African Independence, 2013, is a documentary that tracks Africa’s relationship with Europeans through her struggle for independence in modern times.
Largely a standard documentary, the film emphasizes some of the progress that Africa has made since its first contemporary nation, Ghana, wrested freedom from the iron hands of the British Empire.
No understanding of African history can be achieved without a true appreciation for the impact of the two world wars and the cold war on the struggle for African independence. Director Tukufu Zuberi wove this needed insight into the fabric of Africa’s relationship with the world through out the last five centuries.
However, this film fails to underscore any understanding of Africa before the independence movement and how it may inform our understanding of Africa’s relationship with Europeans before slavery, during colonialism and the subsequent struggle for independence.
Interviews with famous leaders on the continent, Benjamin Mkapa of Tanzania – an intelligent statesman, former president of Ghana, John Agyekum Kufuor, Raila Odinga of Kenya, Samia Nkrumah – daughter of Osagyefo Kwame Nkrumah, and many others spiced up this documentary to some delightful proportions.
Other interviews involving the notorious F.W. De Klerk and P.W. Botha, though provided an allure of a well made and invested documentary, painted a more sympathizing picture of the Apartheid regime in South Africa by insinuating two things:
First, that White South Africa was forced to commit atrocities towards Africans because they were in fear of the spread of communism and like Israel only wanted their own country inside Africa. That is simply a biting unapologetic reading of history.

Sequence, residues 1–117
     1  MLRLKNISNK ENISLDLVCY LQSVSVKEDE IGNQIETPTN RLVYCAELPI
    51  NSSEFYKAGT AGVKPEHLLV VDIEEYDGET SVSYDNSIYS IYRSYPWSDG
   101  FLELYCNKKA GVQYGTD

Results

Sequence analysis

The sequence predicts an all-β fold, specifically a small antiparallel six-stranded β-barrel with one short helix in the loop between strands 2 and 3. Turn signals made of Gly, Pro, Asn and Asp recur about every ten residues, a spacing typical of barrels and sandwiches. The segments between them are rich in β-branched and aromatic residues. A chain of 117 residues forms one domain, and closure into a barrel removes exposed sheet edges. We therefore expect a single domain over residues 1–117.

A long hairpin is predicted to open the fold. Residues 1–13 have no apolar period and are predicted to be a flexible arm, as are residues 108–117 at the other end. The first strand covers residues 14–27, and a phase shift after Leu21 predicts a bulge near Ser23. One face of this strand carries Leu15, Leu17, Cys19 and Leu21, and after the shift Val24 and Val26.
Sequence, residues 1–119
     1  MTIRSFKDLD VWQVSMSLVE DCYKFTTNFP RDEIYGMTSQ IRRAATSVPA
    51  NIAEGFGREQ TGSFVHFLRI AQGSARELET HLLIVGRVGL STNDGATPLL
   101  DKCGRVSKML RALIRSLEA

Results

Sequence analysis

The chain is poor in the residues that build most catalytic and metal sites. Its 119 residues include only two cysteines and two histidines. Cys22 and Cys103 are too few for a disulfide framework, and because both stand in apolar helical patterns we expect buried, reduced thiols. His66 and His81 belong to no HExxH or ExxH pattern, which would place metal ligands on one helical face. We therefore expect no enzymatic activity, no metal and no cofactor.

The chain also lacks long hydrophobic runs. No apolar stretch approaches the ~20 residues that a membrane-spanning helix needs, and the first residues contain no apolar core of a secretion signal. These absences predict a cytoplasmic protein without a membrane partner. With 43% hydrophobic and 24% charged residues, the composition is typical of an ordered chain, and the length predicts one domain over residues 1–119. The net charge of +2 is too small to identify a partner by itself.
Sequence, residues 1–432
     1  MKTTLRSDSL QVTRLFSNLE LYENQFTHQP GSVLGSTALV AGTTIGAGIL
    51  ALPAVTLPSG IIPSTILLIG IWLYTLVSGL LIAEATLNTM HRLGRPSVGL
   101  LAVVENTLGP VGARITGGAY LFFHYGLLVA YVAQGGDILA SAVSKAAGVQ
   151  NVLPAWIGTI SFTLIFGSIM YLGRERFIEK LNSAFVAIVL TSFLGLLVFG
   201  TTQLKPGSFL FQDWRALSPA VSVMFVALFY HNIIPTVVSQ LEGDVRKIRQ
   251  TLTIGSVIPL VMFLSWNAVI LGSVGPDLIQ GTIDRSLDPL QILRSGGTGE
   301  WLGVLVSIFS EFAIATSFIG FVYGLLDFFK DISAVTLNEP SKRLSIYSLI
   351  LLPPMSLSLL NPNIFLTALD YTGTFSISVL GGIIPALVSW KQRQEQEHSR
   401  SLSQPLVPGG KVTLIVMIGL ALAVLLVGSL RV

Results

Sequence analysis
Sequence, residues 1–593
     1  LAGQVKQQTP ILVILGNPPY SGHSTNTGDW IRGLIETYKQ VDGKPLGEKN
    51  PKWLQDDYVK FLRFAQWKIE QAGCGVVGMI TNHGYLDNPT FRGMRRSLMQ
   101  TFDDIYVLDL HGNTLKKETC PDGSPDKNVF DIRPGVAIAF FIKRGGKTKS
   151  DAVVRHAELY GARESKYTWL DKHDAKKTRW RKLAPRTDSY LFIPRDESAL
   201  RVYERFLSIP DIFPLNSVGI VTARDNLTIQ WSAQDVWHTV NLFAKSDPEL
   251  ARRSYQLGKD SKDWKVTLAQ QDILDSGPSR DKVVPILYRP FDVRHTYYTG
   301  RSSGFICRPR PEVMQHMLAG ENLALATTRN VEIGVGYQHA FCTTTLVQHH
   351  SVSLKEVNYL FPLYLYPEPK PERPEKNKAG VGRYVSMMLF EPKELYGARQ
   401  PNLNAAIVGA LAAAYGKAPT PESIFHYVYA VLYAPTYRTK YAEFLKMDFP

Second, that White South Africa was the first to fight against colonization by the British from the Cape. That outlandish argument, though I wish it were struck out from the documentary, underscores the mockery to humanity that the self-righteous Apartheid regime in South Africa was. As if the Germans in Trans-Volta Togoland for example could not have made that same argument had they won WWI and WWII.
No reading of African history will change the brutality and the sheer dehumanization that Africans suffered at the hands of those settlers and I wish the documentary, having started that conversation, had completed it in a fashion that painted that brutal regime with the callousness it deserved.
Notwithstanding, key moments in this film will resonate with Africans, Blacks and perhaps others who believe that all men should have the right to their own self-determination.
Paramount is Osagyefo Kwame Nkrumah’s narrative – having restored Ghana to the Gold Coast in 1957, and his subsequent dynamism, conviction and strong actions in support of the total liberation of the continent.
Director Tukufu Zuberi was cognizant of W.E.B Dubios, Nelson Mandela and Steve Biko’s qualitative and substantive stance on African freedom. If African’s weren’t free before, how could they ask for freedom?
By including these narratives, Director Tukufu Zuberi’s film shows how African self-determination shook the very foundation of Western ideology.
In addition, the elaboration of the impact of World Wars I and II on the African masses was necessary. The film shows how African soldiers returned from the wars and quickly demanded self-government. But how this happened was not delineated in the documentary.
By the 1940s, when the iron curtains of Western Civilization had been laid bare by the wars, the African soldiers and servicemen who had partaken in its conclusion, having had a first hand experience with its skeletons, had became aware of the true picture of the West.
This consciousness then reverberated across the continent with veteran soldiers and local politicians who had been educated abroad largely leading the fight against colonialism.
With the likes of Osagyefo Kwame Nkrumah for example, on The Gold Coast, the masses grew increasingly relentless in fighting for self-government.
The film could have simply shown this link and stressed the unique gathering of momentum by the masses, which was vital in the African struggle.
To appreciate this reading of African independence, an understanding of African history comes in handy.